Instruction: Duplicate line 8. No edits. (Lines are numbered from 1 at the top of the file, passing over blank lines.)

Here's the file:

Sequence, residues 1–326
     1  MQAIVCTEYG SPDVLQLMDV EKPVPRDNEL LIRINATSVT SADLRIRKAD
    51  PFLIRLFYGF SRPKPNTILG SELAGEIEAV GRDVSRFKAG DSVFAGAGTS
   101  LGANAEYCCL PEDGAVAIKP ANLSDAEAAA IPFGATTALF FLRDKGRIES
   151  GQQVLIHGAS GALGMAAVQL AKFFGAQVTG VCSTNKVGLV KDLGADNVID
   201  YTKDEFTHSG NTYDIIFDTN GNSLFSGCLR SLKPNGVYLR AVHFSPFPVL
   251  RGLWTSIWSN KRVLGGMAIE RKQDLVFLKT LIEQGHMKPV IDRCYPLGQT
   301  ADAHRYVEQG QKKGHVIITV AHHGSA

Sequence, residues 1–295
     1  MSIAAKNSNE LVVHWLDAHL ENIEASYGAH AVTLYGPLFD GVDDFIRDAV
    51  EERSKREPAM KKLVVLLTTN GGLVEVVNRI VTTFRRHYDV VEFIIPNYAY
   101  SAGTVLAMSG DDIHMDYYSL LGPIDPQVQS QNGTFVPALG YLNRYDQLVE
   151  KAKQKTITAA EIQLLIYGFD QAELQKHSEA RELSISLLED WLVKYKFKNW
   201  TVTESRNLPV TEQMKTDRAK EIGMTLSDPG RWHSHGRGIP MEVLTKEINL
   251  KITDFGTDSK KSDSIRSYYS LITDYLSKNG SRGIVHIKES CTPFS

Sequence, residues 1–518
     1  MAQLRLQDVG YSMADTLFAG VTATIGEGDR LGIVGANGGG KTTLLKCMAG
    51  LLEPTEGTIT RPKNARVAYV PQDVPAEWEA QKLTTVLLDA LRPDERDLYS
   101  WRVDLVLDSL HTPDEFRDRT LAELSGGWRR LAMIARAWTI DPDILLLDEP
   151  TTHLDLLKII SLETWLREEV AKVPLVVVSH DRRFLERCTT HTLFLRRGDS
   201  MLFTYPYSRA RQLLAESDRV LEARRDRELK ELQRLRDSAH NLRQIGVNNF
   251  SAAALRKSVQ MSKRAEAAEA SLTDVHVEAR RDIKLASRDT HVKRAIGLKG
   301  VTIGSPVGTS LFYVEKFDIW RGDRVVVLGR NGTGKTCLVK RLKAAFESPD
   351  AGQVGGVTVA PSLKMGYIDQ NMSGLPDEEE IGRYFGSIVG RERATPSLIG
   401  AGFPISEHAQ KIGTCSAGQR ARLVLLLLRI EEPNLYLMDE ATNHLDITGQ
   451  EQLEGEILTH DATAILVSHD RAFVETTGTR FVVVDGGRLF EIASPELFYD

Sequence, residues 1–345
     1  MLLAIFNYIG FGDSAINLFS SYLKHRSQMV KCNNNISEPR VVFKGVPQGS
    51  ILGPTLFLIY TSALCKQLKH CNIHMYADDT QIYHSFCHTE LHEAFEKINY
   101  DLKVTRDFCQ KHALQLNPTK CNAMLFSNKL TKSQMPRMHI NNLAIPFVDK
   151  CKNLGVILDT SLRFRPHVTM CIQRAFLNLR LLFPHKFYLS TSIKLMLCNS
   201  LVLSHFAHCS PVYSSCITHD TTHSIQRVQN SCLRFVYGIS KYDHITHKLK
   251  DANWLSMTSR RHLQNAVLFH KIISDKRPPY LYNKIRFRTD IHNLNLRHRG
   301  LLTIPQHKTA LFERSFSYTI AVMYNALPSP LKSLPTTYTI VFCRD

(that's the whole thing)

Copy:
   301  ADAHRYVEQG QKKGHVIITV AHHGSA